3. yellowstone-0111Excessive Demand on the Circuit: Most standard residential electrical circuits are wired in a series where the circuit wires loop through the electrical box, terminate on the outlet, then continue on to the next outlet.  In other words, the electrical current being used by one outlet (on the same circuit) may pass through terminations of another receptacle. If the current is excessive, the outlet may be warm without anything attached at the receptacle.  As part of an electrical design, it is normal  to have at least one outlet in the same room to be on a different circuit.  This allows you to share the load requirement from one room into multiple electrical circuits.  
  4. Poor Electrical Terminations: If electrical terminations (at the receptacle) are loose, or the wires are damaged, this too can cause excessive heat at both the point of use as well as in the circuit described in #2. Additionally, outlets terminated using the spring-loaded  stab-lock on the rear vs. the screw-down attachment can cause excessive heat.
  5. Oversized fuse or breaker:  Typically these values can be compromised in older homes as there are fewer outlets per room, and the circuits are not designed to support all the electronic gear we find in the modern home. Assuming the circuit was installed correctly, the circuit breaker should be the lowest rated item in the circuit and the wire in the wall should be the highest. For obvious reasons, if there was a fault or failure, you want the circuit breaker to fail first. If a breaker was replaced with a higher ampacity breaker, the circuit has been compromised potentially creating a fire risk by allowing higher current levels to pass through the circuit that was designed at a lower level. In this case finding a warm outlet is a warning that the wiring may be operating above its rating.
  6. Physical Deterioration of Plug: Outlet that appear worn, broken, cracked or chipped are all conditions that can compromise the function its function and can create heat at the outlet.

In urban areas, faulty wiring accounts for 33% of residential electrical fires.

What to Do?  Analyze the problem within your capabilities. Some of these suggestions may be beyond your comfort (experience) level, so you may want to contact an electrician at this point.

  1. Identify all the receptacles associated with the warm outlet.  After turning off the circuit breaker use an outlet tester to find all the outlets. Identify the circuit breaker rating found on the paddle of the switch. TIP: Inspect the entire house, both outlets and light fixtures. With the circuit breaker off you will be looking for dead outlets.
  2. Do any of the outlets have extension cords, power strips or outlet multipliers? Ensure the extension cord is rated  for its use.  Replace all unfused power strips or outlet multipliers with a fused power strip  as these devices include a circuit breaker to add further protection. Do not daisy chain multiple power strips or extension cords. Try to de load the outlet by re-associating the plugs to different circuits.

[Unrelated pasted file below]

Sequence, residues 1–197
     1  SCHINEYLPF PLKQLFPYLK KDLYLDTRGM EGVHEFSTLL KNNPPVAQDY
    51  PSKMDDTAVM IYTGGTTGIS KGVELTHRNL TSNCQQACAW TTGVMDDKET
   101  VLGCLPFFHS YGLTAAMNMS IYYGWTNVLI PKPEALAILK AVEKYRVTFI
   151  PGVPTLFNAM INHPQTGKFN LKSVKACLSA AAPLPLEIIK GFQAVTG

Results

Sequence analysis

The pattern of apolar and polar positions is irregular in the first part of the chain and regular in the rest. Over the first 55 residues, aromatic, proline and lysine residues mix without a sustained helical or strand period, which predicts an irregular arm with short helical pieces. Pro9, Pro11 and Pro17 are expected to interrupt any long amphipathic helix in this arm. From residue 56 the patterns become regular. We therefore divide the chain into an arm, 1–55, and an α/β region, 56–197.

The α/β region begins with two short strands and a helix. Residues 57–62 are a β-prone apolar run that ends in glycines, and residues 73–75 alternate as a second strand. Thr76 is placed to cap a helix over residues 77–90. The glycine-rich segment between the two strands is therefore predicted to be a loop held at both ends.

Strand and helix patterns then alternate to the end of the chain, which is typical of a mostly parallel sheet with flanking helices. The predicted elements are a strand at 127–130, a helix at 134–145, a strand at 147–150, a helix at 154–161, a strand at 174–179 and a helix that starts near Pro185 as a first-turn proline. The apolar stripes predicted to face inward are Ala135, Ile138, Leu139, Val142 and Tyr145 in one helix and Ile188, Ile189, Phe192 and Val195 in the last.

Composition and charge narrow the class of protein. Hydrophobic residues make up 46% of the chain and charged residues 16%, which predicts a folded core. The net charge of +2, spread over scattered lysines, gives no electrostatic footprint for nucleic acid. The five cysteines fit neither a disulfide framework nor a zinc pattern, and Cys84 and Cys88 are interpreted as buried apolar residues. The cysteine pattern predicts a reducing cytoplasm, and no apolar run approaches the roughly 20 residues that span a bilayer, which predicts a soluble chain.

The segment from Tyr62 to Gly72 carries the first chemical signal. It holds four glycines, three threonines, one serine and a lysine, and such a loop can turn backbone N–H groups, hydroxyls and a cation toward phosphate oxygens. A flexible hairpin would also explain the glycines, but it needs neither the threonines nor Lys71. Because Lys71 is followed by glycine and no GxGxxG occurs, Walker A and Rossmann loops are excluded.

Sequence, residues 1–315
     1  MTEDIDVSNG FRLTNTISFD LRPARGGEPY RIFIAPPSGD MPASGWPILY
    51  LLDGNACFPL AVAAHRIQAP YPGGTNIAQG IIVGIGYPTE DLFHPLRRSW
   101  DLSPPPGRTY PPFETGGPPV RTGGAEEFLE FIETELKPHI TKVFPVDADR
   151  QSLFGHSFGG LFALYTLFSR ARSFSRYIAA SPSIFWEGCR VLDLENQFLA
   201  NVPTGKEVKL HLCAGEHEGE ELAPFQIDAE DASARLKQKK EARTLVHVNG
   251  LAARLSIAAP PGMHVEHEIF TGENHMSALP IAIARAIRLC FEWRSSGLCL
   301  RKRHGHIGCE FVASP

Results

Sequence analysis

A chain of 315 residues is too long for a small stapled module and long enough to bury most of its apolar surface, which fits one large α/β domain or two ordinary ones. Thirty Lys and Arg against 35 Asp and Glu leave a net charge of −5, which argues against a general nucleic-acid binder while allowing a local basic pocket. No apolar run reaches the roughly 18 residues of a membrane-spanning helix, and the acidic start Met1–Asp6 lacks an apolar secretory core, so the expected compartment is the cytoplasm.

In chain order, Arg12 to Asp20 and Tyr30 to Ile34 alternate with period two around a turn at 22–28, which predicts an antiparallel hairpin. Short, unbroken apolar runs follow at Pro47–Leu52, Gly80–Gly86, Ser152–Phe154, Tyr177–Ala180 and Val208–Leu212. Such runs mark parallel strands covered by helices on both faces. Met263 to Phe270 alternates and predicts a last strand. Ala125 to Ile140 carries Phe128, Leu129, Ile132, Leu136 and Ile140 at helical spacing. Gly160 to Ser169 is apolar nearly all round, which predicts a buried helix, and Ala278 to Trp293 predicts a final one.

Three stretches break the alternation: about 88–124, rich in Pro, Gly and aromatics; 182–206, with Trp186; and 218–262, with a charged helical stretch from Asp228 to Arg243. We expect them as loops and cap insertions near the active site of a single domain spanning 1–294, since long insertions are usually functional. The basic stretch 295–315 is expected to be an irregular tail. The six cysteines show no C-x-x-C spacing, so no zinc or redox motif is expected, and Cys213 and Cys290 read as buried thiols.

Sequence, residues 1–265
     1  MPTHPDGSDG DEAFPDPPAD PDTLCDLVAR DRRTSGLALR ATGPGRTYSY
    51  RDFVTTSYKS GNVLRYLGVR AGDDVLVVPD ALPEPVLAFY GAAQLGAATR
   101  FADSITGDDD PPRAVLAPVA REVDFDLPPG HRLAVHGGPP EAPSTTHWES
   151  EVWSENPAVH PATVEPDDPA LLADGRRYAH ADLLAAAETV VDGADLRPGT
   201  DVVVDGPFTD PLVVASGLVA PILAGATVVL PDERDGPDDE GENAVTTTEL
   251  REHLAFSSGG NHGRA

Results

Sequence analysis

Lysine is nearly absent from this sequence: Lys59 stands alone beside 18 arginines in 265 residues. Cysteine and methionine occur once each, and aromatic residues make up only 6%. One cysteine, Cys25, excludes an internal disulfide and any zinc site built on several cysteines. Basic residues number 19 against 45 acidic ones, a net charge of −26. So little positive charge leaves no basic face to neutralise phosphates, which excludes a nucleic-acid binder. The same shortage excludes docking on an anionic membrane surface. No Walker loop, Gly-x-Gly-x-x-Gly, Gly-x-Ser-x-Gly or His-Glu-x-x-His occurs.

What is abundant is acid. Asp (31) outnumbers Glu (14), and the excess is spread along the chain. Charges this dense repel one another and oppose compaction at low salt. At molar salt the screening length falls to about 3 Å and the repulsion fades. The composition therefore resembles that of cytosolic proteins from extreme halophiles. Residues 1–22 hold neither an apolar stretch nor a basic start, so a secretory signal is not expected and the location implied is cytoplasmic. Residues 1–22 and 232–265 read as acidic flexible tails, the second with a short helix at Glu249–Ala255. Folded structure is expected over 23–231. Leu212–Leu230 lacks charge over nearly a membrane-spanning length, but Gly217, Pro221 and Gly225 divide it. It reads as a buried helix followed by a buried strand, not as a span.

3. Follow the testing methods as found in Electrical Switches and Outlets. These testing methods will identify any wiring issues that should be resolved as well.
  4. By now, you may have found the problems associated with an outlet, fixture or receptacle. If you still have problems, the outlets may be internally bad, the connections may have deteriorated or may be loose. With the electricity off, inspect the wiring of all suspect outlets. Check for tightness of the screw terminations, crimped or cut wires. You can also perform this test by using a digital thermometer gun with a laser site. Scan the electrical outlet, specifically the wiring terminations,  without disturbing the wiring. The probe should identify the problem by indicating a noticeably higher temperature.
  5. Replace suspect receptacles with higher quality equivalent receptacles using the screw down connection point.
  6. If you still have problems, review the tests found in the Electrical Service Panel post. Perform the tests that apply to the condition.
  7. If you still have problems, the circuit may have been compromised by enlarging the breaker, you may consider hiring an electrician to validate the condition and to correct the problem.

Additional Items to Consider

With over 15% of all electrical fires originating in the bedroom, municipalities have adopted local electrical code requirements that include arc fault circuit interruption (AFCI) circuit breakers to be installed in new construction. These breakers have the ability to recognize an arc usually due to a defective cord appliance or wiring.

One of the newest concern with electrical fires is the fact that many extension cords, plug adapters, power strips, appliances and etc. are coming from overseas areas that use counterfeit certifications. Here in the U.S., agencies such as UL, ETL, CSA are recognized as certified testers of electrical products. Unfortunately, many items are filtering in with fake labeling.  Always purchase name brand products from reputable stores and inspect the product for the safety agency’s certification.